|• Density||2,274/km2 (5,889/sq mi)|
|Area||10.5 km2 (4.1 sq mi)|
|Location||6 km (4 mi) from Melbourne|
|LGA(s)||City of Boroondara|
Kew is a suburb of Melbourne, Victoria, Australia, 6 km east from Melbourne's Central Business District. Its local government area is the City of Boroondara. At the 2011 Census, Kew had a population of 23,876.
Formerly a city in its own right, Kew City Council, Hawthorn City Council and Camberwell City Council were amalgamated in 1994 to form the City of Boroondara. The suburb borders the Yarra River to the west and north, with Hawthorn to its south and Balwyn to its east.
Kew is one of Melbourne’s most affluent suburbs, with a plethora of Victorian and Art Deco mansions, graced by stunning gardens set back from tree-lined streets, such as Raheen. This is also reflected in house prices, where the price of a home is more than twice the metropolitan Melbourne average. There is abundant parkland in the suburb, including Yarra Bend and the Studley Parks. City of Boroondara achieves the highest score of all Melbourne municipal areas on the SEIFA index of disadvantage, compiled by the Australian Bureau of Statistics (the lower the score, the more disadvantage).
Prior to the establishment of Melbourne, the area was inhabited by the Wurundjeri peoples. In the 1840s European settlers named it the Parish of Boroondara — meaning "a place of shade" in the Woiwurrung language. In 1838 Dight travelled down the Yarra from Heidelberg and decided to locate his water-powered mill on a site adjacent to the falls. The impressive 3 story Mill opened in 1840.
In 1838 the Melbourne Advertiser reported bush-rangers in this area and they probably outnumbered women.
John Hodgson established a squatters run at Studley Park, on the eastern bank of the Yarra River, in 1840. Studley House, also known as Burke Hall, built in 1857, was named after Hodgson's birthplace of Studley, Yorkshire and the house is now on the Register of the National Estate. The house was built in the Victorian Period Italianate Revival style. Modifications were made to the house in 1875 and 1919. The house was also owned by former bookmaker, ALP lobbyist, influential Irish-Catholic and millionaire, John Wren and was donated to Xavier College by the land developer T. M. Burke. It illustrates the importance of a residence in indicating success and status in nineteenth and early twentieth century Melbourne society. The nearby Villa Alba, built before 1863, is open to the public.
In 1851, Crown land sales occurred in the area. One of the purchasers, Nicholas Fenwick, subdivided his land (which was just further out from the center of the colony of Melbourne than the area known as Richmond) and named the region Kew, based on the thought that Kew in England was near Richmond. He also notably named its streets after British statesmen. The area quickly became a sought-after suburb for the well-to-do in Melbourne. Access to Kew was originally via Bridge Road in Richmond, crossing the Hawthorn Bridge to Burwood Road, until the privately owned Studley Park Bridge (nicknamed the Penny Bridge) opened in 1857, connecting Church Street Richmond with Studley Park.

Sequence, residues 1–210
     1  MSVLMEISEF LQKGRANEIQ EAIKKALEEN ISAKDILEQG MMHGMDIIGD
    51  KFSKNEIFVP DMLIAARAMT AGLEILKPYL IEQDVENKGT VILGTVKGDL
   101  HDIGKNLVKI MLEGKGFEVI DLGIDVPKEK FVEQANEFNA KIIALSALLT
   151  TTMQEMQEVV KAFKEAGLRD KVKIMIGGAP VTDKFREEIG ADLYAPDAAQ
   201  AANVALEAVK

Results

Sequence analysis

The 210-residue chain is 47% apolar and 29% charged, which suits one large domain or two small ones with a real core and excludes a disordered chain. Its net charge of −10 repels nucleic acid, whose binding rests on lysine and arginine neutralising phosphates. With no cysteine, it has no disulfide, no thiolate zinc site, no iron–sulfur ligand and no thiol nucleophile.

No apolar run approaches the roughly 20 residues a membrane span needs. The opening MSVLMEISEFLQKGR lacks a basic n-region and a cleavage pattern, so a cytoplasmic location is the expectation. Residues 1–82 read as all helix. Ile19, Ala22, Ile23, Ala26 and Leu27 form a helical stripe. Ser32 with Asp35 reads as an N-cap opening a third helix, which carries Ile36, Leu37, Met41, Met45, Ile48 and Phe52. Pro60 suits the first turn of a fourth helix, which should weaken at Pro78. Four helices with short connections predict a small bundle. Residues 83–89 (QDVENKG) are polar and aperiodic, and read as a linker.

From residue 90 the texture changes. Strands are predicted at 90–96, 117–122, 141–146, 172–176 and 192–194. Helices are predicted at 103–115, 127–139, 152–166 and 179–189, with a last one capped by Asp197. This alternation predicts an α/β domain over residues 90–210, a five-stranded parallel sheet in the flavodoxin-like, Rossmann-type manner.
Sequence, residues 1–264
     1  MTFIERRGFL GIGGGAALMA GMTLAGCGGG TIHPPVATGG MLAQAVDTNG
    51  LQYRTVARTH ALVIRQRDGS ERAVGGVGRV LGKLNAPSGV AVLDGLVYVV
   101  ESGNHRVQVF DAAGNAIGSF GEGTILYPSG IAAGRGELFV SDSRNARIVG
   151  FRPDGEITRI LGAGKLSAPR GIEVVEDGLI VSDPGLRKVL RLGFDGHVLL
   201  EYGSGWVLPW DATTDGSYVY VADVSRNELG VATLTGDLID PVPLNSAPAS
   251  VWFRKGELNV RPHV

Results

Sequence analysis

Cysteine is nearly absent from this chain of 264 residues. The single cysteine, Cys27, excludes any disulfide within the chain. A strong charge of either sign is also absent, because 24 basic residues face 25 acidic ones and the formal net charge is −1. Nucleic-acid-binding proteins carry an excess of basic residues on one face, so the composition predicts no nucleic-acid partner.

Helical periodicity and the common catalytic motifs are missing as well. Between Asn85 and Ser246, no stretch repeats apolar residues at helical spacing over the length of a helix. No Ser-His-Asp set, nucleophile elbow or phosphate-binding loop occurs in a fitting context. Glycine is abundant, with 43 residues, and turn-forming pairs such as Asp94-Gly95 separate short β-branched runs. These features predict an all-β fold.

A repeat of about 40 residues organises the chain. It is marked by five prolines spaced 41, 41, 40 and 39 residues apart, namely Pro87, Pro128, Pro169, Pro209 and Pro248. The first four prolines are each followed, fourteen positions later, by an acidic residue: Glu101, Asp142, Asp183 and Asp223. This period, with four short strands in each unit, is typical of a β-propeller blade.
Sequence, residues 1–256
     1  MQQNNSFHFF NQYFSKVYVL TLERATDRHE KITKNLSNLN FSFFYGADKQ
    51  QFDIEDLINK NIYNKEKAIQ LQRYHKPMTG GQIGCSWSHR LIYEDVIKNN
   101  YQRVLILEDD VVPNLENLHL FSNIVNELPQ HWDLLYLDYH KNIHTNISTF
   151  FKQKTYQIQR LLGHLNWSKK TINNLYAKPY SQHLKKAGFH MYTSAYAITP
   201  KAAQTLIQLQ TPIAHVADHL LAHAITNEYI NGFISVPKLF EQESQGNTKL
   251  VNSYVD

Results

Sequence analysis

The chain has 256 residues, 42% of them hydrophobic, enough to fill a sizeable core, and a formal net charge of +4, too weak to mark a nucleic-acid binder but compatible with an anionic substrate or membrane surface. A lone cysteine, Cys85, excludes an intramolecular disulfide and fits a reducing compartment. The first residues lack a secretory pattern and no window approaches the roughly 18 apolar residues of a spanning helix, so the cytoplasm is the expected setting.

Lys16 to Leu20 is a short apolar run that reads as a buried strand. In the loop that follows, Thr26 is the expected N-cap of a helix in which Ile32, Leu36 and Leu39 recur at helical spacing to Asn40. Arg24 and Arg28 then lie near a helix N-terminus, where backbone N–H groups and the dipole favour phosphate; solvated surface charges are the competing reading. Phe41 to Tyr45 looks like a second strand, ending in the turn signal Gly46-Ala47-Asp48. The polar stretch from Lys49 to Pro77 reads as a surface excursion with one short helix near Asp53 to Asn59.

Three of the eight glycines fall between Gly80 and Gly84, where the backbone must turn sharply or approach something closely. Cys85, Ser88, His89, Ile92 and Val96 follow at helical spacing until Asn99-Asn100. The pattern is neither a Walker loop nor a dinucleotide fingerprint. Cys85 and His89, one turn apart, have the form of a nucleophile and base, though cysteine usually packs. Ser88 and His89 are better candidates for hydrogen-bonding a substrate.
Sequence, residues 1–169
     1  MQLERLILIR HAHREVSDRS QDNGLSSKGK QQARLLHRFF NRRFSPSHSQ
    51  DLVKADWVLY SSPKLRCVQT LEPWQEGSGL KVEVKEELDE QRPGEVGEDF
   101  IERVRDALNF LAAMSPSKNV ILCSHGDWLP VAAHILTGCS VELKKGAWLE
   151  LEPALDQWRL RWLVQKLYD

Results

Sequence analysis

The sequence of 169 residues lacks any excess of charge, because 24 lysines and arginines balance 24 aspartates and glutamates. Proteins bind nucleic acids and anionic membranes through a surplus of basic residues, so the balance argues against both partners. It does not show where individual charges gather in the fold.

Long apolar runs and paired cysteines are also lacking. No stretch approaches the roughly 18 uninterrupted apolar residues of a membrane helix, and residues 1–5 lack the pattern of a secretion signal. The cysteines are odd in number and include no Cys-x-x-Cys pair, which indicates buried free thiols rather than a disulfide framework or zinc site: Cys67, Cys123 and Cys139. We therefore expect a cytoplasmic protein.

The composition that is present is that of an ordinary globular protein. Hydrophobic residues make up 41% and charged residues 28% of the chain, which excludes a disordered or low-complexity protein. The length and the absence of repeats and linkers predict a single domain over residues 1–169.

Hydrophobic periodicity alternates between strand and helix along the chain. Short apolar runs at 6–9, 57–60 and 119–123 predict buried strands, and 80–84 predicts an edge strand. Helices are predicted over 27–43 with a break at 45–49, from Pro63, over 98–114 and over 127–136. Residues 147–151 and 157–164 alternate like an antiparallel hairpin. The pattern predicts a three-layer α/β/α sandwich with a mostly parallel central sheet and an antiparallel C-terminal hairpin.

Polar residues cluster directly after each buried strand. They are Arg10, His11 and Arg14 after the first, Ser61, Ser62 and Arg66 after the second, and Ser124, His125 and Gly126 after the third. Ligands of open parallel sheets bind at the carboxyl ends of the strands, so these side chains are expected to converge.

The commercial precinct known as Kew Junction began to take shape in the 1850s. The first store was opened by Mr. J. J. French in August 1853 and the first post office on 6 October 1856, however, it was not till towards the end of the decade that many shops appeared in High Street. The Kew Hotel opened in 1855, the Prospect Hill Hotel (now the Dan Murphy's liquor store) in 1857, the Council Hotel about 1860, the Clifton (now Hotel Kew) in 1869 and the Greyhound (now the Skinny Dog Hotel) in 1874. The fine block of civic buildings comprising the former post office, the former court house and the former police station were built in 1888 as was the National Bank, at the corner of Walpole and High Streets.
In 1856 a site was reserved for a mental asylum next to the river. By 1871 Kew Lunatic Asylum, now known as Willsmere Estate, was completed. The Kew Cottages for children were added in 1887. The hospital was built despite objections by residents and the Kew Borough Council and provides an historical example of NIMBYism. Kew Cottages and Willsmere Hospital are listed on the Victorian Heritage Register.
Various churches opened in the 1850s, with the first school opened by the Anglican Church in 1856. In 1875 Sacred Heart Primary School was opened. More private schools were opened in 1878, including Ruyton Girls' School (non-denominational) and Xavier College (Catholic in Jesuit order). Other private schools soon followed, including Methodist Ladies' College (Methodist) in 1882, Genazzano FCJ College in 1889, Trinity Grammar School (Anglican) in 1903, and Carey Baptist Grammar School (Baptist) in 1923. Preshil, The Margaret Lyttle Memorial School, was opened in the early 1930s. By 1990, Kew had six government campuses and twenty-eight non-government campuses, the highest concentration of education institutions in the Western world.